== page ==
NEW YORK (AP) — The death of an unarmed black man who was held in a police chokehold wasn't in vain, and could help change the relationship between police officers and the communities they patrol, Mayor Bill de Blasio said at a church service in honor of Eric Garner.
De Blasio spoke Tuesday night, the day after the city reached a $5.9 million settlement with Garner's family over his July 2014 death. His family said they would continue pressing for federal civil rights charges.
"This is a new chapter in our relationship between the police and our communities," de Blasio said. "That will make us a better people. That will make us a more just city. That will make us a safer city."
De Blasio, who is white and is married to a black woman, spoke at the church the night of the grand jury decision not to indict the police officer. At that time, he connected personally to Garner's death, speaking of how he talked to his biracial son about being careful in his dealings with police.
Those comments sparked outrage from police unions, who accused de Blasio of fostering an anti-police sentiment. When two officers were killed by a gunman in December, some officers turned their backs on the mayor at the funerals.
De Blasio made sure to be inclusive in his remarks on Tuesday.
"All lives matter," he said, before explicitly saying that while it should be self-evident, it must be still said that "Black lives matter" and, after he praised the police, "Blue lives matter."
The settlement came nearly a year after the 43-year-old Garner died, having repeatedly pleaded "I can't breathe!" as Officer Daniel Pantaleo took him to the ground with an arm around his neck. Garner lost consciousness and was pronounced dead later at a hospital.
He had refused to be handcuffed after being stopped on suspicion of selling loose, untaxed cigarettes on a Staten Island street.
The encounter, caught on an onlooker's video, triggered protests. Coupled with police killings of unarmed black men elsewhere in recent months, Garner's death became a flashpoint in a national debate about relations between police and minority communities.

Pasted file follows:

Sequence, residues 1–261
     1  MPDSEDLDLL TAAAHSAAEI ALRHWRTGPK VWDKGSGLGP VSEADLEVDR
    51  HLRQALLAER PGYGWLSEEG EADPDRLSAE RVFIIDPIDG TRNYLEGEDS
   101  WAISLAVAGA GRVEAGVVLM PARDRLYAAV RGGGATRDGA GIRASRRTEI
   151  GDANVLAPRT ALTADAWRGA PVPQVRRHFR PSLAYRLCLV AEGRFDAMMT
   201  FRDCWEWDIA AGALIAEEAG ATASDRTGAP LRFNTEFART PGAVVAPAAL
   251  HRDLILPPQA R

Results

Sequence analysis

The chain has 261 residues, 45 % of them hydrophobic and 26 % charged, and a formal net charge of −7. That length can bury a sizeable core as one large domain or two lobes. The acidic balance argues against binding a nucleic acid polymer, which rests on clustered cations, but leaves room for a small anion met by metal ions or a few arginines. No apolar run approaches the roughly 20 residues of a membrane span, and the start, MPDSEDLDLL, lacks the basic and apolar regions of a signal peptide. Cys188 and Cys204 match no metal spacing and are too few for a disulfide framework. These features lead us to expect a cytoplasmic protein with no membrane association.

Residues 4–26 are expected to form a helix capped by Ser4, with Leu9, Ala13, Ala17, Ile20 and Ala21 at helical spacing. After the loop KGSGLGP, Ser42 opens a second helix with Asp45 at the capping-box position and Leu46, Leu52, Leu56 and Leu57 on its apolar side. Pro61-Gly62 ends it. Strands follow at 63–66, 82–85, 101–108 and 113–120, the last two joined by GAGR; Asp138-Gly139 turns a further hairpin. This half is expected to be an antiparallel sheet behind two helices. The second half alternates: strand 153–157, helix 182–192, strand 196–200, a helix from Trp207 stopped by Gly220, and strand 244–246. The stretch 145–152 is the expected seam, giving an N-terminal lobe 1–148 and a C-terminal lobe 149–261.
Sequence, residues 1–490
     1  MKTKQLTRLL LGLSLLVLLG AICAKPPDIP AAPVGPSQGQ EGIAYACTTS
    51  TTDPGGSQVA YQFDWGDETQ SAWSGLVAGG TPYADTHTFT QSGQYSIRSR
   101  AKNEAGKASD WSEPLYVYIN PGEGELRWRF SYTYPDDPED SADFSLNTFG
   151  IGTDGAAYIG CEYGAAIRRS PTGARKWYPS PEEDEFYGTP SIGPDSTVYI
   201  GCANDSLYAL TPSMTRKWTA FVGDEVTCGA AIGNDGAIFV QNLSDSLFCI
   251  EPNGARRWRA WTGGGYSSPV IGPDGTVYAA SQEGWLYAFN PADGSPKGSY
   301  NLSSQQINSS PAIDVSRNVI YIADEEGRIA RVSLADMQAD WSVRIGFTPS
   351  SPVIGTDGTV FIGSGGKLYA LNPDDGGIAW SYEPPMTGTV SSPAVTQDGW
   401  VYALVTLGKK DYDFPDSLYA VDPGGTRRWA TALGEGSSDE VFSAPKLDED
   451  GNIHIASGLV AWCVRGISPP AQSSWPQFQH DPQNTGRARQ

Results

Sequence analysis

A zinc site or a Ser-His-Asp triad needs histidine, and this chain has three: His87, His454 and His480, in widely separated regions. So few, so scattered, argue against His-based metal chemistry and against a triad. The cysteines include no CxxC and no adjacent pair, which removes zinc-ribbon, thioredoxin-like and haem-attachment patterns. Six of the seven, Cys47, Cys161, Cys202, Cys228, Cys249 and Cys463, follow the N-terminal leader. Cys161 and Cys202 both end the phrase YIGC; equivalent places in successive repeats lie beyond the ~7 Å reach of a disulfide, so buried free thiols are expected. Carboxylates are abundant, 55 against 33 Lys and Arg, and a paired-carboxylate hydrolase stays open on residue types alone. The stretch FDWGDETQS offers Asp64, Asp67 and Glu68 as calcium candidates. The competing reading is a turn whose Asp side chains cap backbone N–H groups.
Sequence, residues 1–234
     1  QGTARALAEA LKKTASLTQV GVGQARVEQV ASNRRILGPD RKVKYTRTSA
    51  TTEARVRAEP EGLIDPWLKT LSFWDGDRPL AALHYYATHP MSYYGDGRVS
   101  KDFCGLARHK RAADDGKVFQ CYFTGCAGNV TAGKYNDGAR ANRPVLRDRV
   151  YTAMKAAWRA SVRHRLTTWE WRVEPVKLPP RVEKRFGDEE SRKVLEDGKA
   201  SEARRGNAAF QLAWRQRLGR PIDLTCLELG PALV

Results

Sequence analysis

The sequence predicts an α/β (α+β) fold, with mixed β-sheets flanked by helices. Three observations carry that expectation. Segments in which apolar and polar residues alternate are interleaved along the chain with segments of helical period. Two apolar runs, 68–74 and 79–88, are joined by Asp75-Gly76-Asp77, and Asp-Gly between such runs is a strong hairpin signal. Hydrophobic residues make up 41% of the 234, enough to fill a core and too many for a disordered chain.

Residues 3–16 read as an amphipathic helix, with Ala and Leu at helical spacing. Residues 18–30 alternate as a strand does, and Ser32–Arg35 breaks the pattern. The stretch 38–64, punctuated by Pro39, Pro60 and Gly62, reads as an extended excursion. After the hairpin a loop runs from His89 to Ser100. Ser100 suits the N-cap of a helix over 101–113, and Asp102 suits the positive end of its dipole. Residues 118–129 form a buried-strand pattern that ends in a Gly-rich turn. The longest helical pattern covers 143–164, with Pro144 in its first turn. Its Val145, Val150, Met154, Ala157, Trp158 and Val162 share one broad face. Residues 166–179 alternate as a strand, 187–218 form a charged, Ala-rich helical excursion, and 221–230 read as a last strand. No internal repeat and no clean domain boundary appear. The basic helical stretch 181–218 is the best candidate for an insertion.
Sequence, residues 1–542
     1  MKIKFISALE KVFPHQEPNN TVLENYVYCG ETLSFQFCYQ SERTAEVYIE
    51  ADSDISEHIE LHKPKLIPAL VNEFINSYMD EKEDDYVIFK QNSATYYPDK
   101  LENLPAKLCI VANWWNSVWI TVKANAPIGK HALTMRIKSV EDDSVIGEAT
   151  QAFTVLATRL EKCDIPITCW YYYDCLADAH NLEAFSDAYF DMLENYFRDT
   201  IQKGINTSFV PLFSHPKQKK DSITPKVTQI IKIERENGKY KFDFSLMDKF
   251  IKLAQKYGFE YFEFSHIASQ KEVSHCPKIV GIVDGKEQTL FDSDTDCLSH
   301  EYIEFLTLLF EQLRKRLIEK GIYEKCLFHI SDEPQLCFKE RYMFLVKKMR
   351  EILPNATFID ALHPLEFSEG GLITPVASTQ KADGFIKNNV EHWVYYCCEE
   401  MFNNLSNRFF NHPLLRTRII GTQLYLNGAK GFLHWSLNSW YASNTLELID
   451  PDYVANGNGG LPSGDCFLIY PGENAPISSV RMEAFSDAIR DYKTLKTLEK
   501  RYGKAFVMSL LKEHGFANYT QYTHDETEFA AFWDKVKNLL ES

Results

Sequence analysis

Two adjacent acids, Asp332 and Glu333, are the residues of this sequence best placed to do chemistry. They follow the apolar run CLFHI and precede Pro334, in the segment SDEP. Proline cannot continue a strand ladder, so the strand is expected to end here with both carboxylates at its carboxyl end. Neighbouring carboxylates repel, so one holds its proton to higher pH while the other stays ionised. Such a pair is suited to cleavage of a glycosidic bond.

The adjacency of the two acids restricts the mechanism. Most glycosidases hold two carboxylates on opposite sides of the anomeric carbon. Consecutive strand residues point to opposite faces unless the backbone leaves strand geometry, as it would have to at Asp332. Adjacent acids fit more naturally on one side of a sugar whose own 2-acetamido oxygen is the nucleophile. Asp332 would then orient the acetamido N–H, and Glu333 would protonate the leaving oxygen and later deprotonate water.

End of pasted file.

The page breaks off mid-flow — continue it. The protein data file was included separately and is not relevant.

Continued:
"'I can't breathe' spurred the national movement," and it won't end "until we change how policing goes," the Rev. Al Sharpton said at a news conference Tuesday with Garner's relatives.
"The victory will come when we get justice," Eric Garner's mother, Gwen Carr, said Tuesday.
"Justice," added one of Garner's children, Emerald Snipes, "is when somebody is held accountable for what they do."
The city medical examiner found the police chokehold contributed to Garner's death. But Pantaleo's lawyer said the officer had used a permissible takedown maneuver known as a seatbelt — not a chokehold, banned under New York Police Department policy.
A grand jury declined to indict Pantaleo. The U.S. Justice Department and the U.S. attorney's office in Brooklyn are investigating whether there's evidence to warrant charges that the officer deliberately violated Garner's civil rights. Such cases are rare after grand jury inaction or acquittal at the state level.
Police Commissioner William Bratton declined to comment Tuesday on the Garner case. The settlement came before any lawsuit was filed, though the family had filed notice of its intention to sue. The city did not admit any liability.
Associated Press writers Tom Hays and Jennifer Peltz in New York contributed to this report.